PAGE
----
I had the same problem in mine.

      As for porn, I am not surprised to know an Imam didn’t see a problem with it.
      I had a friend of mine who was in the process of converting and was put in contact with this Imam, he made inappropriate comments to her over the phone telling her how she can dress the way she wants inside the house, wear a bikini, that the prophet used to take showers with his wife etc….this almost turned her away from Islam. I asked her to complain about him but I don’t think she did.

      Imams are no saints either…just like some coaches who are supposed to be role models end up abusing children…I am not saying that Imams do that, but I am saying we have to be very careful whom we approach to seek help.

  23. Aditya says:

    Like I said before, when you don’t know someone well enough before marriage, scary scenarios can take place like in previous comments. Pre-marital counciling may help bring some of that to the surface ahead of time, but the real test is just getting to know someone for 6 months or so. A person’s true colors will come out after much interaction. Emailing and phone calls for a month or so will not do this.

    And I don’t mean having sexual relations, just spending time and seeing how the other person reacts to different situations, etc….Then you can judge if it is someone you want to be with.

    • Mohammad says:

      The issue is where do you draw the line while keeping things Islamic? should we date? before marriage everyone is reserved. If they are usually angry, they won’t angry in front of you.

      … should we date for 6 months and be yourself, would that be Islamic?

      how much time should be spent trying to know each other?

      I’ve concluded no matter how much time you spent and whatever strategies you use and things you discuss. You have to live together, life unfolds while you live together and spend your days and nights together while dealing w/work, kids, money, etc…, keep Allah in the forefront and live your life accordingly, everything else will take care of itself.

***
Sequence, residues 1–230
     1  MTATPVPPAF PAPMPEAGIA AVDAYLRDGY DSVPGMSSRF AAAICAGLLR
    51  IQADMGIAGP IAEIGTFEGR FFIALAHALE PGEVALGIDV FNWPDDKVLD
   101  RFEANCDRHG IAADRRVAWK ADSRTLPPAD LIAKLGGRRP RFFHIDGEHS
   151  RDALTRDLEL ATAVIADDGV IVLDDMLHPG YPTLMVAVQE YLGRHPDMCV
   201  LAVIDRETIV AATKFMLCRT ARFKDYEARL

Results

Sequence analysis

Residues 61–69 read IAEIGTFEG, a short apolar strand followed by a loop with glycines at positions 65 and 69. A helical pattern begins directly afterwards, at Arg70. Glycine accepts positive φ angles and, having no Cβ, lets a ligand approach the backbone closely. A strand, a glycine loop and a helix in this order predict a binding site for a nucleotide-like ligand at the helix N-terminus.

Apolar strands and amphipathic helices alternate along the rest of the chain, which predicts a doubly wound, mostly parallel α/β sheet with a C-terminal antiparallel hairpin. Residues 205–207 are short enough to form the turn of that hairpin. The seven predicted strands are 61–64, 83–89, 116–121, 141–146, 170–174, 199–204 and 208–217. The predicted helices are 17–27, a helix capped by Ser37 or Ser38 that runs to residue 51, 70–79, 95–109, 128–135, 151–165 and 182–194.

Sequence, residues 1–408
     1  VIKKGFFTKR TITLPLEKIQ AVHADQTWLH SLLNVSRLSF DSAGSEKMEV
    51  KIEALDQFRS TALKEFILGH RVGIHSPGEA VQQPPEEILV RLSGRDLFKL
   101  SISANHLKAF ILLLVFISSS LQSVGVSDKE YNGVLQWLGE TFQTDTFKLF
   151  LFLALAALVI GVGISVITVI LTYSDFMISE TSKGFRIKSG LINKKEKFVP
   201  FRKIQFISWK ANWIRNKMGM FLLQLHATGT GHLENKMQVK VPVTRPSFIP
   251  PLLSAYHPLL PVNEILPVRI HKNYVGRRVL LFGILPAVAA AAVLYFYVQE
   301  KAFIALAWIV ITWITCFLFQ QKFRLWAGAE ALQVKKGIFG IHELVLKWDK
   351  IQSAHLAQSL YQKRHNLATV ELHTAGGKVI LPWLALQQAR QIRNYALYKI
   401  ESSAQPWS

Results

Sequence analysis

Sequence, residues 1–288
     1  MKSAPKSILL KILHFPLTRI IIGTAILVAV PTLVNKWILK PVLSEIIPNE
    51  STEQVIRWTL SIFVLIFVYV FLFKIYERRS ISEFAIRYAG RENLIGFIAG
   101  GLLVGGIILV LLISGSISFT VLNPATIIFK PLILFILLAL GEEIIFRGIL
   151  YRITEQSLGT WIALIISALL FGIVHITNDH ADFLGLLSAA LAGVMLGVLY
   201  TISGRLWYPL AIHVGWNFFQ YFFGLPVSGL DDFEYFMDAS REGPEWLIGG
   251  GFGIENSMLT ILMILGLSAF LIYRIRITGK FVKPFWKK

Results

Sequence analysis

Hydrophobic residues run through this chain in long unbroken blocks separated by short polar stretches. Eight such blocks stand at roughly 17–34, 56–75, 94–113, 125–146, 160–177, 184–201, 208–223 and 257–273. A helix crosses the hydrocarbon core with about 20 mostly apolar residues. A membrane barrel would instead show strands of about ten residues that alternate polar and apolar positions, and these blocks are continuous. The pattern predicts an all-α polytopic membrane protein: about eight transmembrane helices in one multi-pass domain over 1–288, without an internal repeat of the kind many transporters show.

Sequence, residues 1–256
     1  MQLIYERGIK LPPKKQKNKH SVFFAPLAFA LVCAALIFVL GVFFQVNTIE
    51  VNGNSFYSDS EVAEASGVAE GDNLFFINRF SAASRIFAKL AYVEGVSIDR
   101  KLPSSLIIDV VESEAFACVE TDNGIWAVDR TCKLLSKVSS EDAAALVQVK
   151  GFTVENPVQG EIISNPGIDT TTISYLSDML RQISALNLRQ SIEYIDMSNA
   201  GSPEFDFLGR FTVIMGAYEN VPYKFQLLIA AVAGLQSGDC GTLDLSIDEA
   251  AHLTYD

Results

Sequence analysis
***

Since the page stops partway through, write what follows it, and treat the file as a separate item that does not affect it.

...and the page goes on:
24. Abdullah says:

    You never truly know anybody the first or second meeting . The first impression is the last impression usually . As a recovering porn addict i would not want to get martied and put my wife the trouble i have caused myself in my life. Pre marital counselling sounds good . I believe you can ruin your life but dont ruin someone elses life. Please everybody make dua i leave porn and this haraam lifestyle and find peace in a woman who will help me get to jannah insh’Allah . Yours sincerly , a brother in need of dua.

  25. Malcolm says:

    To Abdullah,
    Having an addiction as dangerous as pornography is a torment to the soul, body, and mind. Imagine creating incisions on your skin, all over your body, with a razor blade. Now attach a feeling of gratification with each cut made. That’s addiction. In other words, the transient pleasure-inducing effect unconsciously takes a toll on valuable aspects of one’s life, such as one’s mental health and social well-being. You are experiencing ephemeral euphoria at the expense of life qualities that you currently take for granted. In a nutshell, addiction is a psychological dependency leading to physical necessity with the harsh accompaniment of assault to your own self.

    No addiction can be resolved by du’aa alone and it serves no purpose but solidifying your credulity if you believe otherwise. Take a mental step into the lanes of addicts, those of alcohol, drugs and gambling. Once a dependent-relationship is developed between these activities and the individual, quitting becomes a task as magnanimous in difficulty as an attempt at reaching the top of a mountain with one leap. It’s practically impossible.